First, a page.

After being fired last week, a contract computer programmer at Toyota Motor Manufacturing intentionally "sabotaged" and crashed the company's supplier computer network and downloaded highly confidential information, Toyota has alleged in a federal lawsuit.
In a complaint filed Friday in U.S. District Court in Lexington against Ibrahimshah Shahulhameed, the automaker said, "If this information were disseminated to competitors or otherwise made public, it would be highly damaging to Toyota and its suppliers, causing immediate and irreparable damage."
Shahulhameed "sabotaged various internal programs," causing the Toyotasupplier.com network to crash, and he "potentially downloaded proprietary and confidential information for his own improper use," the complaint said.
Shahulhameed lived in Georgetown, where Toyota has its Camry assembly plant, the complaint said.
In response to Toyota's complaint, U.S. District Judge Karen Caldwell issued a restraining order Friday, ordering the programmer to forfeit all of Toyota's property, information and data, and return it to the company. The order temporarily enjoined Shahulhameed from accessing, using or disseminating any of Toyota's property or trade secrets.
The complaint said Shahulhameed was a former employee of a company called GlobalSource IT, which had assigned him to provide computer services to Toyota. GlobalSource IT officials declined to comment.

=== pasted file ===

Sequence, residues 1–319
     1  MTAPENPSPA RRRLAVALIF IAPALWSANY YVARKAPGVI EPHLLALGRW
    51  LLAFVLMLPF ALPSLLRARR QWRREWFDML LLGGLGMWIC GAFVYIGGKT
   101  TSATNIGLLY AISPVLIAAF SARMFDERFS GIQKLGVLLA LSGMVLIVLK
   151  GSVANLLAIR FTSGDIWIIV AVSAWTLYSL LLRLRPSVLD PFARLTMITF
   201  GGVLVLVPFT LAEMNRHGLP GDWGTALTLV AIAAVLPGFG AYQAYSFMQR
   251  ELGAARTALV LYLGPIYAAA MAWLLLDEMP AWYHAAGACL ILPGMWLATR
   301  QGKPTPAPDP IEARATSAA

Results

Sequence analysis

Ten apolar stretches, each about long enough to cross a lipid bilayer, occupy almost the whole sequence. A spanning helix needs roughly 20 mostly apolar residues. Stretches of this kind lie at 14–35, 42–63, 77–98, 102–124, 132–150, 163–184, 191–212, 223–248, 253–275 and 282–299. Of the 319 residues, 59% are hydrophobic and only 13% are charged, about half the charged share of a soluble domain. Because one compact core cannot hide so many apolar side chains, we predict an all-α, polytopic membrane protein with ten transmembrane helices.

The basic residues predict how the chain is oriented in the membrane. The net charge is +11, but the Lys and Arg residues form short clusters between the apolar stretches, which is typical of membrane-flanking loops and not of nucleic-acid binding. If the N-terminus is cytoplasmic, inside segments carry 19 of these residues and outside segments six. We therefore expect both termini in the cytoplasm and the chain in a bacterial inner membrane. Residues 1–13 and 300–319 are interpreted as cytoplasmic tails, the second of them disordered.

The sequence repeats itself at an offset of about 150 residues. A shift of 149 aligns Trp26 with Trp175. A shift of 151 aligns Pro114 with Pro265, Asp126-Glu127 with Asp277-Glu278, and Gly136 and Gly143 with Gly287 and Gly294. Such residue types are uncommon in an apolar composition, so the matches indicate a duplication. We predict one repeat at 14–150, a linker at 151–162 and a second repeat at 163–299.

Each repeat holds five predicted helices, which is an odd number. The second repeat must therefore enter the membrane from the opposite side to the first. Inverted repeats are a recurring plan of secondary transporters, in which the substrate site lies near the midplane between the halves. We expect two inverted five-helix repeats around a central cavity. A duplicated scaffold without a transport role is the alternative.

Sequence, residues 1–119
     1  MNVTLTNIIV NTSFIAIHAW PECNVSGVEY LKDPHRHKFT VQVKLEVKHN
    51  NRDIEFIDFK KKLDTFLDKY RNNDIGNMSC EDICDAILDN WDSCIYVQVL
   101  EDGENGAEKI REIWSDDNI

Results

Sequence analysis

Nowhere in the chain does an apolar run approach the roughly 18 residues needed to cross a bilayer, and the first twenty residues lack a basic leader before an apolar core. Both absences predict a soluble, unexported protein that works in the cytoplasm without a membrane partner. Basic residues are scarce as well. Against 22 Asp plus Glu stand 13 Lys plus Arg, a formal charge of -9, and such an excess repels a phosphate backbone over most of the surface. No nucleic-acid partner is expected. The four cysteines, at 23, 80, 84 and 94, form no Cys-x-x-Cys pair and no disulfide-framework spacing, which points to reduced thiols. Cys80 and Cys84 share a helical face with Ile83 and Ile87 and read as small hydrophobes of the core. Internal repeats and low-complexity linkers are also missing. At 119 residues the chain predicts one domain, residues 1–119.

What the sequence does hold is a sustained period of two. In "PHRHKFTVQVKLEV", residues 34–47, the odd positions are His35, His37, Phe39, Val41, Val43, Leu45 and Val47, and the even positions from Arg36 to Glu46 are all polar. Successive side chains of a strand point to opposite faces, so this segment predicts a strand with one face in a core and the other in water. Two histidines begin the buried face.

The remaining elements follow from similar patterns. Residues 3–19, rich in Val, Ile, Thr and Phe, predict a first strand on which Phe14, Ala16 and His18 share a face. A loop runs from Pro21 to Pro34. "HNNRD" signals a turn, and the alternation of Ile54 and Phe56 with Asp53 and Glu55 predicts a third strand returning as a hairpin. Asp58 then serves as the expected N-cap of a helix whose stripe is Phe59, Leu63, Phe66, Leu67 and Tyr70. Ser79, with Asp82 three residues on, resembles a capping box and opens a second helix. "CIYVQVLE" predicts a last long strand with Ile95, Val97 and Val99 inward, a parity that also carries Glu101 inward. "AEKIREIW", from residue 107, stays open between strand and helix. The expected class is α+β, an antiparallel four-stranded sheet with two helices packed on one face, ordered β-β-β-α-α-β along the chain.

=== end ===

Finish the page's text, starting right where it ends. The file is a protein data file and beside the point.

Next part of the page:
After being terminated Aug. 23, he breached the system at midnight and continued working until about 6:30 a.m. Aug. 24, the complaint alleged.
According to the complaint, Shahulhameed improperly accessed proprietary trade secrets and information including pricing information, quality testing data, parts-testing data and proprietary design information, the complaint said.
The complaint said the level of damage caused by the programmer's alleged unauthorized access to Toyota's computer system was unknown.
"It will take days for Toyota's IT department to determine the full extent of its damage as a result of defendant's efforts to sabotage its system," the complaint said.
Mindy Barfield, the attorney for Toyota who submitted the federal court complaint, referred questions to Toyota officials.
Toyota spokesman Rick Hesterberg said Monday evening that Toyota officials don't think sensitive company material from Toyota's computer system has been distributed.
"We are and will continue to investigate this thoroughly, but currently we do not believe that any supplier data or proprietary information has been distributed," said Hesterberg. He said apparently no employee information was distributed either.
Shahulhameed could not be reached for comment.
A citizen of India, he told Toyota officials last week that he planned to go back to India.
But after Toyota asked for a temporary restraining order to prevent him from traveling until an investigation was completed, Shahulhameed entered into an agreed order Monday that he would not travel to India for 14 days, court documents said.
The complaint alleges that Shahulhameed violated Kentucky's Trade Secret Act in that he knowingly acquired trade secrets without authorization.